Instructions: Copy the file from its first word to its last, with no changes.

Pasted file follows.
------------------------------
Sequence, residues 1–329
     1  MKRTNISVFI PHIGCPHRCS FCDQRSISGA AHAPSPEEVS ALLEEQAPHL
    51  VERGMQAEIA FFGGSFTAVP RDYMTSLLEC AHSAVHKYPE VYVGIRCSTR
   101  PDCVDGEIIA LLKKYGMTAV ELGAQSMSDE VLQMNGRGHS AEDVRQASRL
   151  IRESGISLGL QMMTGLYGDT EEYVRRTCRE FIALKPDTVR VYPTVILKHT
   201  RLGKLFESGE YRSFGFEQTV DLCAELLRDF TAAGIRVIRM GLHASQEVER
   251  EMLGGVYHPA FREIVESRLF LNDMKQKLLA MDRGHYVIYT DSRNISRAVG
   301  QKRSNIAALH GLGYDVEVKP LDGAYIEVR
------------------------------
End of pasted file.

Sequence, residues 1–329
     1  MKRTNISVFI PHIGCPHRCS FCDQRSISGA AHAPSPEEVS ALLEEQAPHL
    51  VERGMQAEIA FFGGSFTAVP RDYMTSLLEC AHSAVHKYPE VYVGIRCSTR
   101  PDCVDGEIIA LLKKYGMTAV ELGAQSMSDE VLQMNGRGHS AEDVRQASRL
   151  IRESGISLGL QMMTGLYGDT EEYVRRTCRE FIALKPDTVR VYPTVILKHT
   201  RLGKLFESGE YRSFGFEQTV DLCAELLRDF TAAGIRVIRM GLHASQEVER
   251  EMLGGVYHPA FREIVESRLF LNDMKQKLLA MDRGHYVIYT DSRNISRAVG
   301  QKRSNIAALH GLGYDVEVKP LDGAYIEVR